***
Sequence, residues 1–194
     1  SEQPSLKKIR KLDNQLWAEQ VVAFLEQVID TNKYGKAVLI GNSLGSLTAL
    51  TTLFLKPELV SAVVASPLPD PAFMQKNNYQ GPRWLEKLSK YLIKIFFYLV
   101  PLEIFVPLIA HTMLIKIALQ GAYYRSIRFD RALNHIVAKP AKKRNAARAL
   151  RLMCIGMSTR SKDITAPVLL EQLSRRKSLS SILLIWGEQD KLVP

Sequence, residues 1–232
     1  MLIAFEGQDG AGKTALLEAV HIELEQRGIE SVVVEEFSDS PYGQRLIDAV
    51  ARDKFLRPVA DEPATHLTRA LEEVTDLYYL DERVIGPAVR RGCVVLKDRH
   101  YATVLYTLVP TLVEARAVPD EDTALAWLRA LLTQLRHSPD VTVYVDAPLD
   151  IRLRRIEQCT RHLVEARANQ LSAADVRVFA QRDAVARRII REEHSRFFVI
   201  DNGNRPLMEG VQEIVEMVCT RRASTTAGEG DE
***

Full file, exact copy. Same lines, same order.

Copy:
Sequence, residues 1–194
     1  SEQPSLKKIR KLDNQLWAEQ VVAFLEQVID TNKYGKAVLI GNSLGSLTAL
    51  TTLFLKPELV SAVVASPLPD PAFMQKNNYQ GPRWLEKLSK YLIKIFFYLV
   101  PLEIFVPLIA HTMLIKIALQ GAYYRSIRFD RALNHIVAKP AKKRNAARAL
   151  RLMCIGMSTR SKDITAPVLL EQLSRRKSLS SILLIWGEQD KLVP

Sequence, residues 1–232
     1  MLIAFEGQDG AGKTALLEAV HIELEQRGIE SVVVEEFSDS PYGQRLIDAV
    51  ARDKFLRPVA DEPATHLTRA LEEVTDLYYL DERVIGPAVR RGCVVLKDRH
   101  YATVLYTLVP TLVEARAVPD EDTALAWLRA LLTQLRHSPD VTVYVDAPLD
   151  IRLRRIEQCT RHLVEARANQ LSAADVRVFA QRDAVARRII REEHSRFFVI
   201  DNGNRPLMEG VQEIVEMVCT RRASTTAGEG DE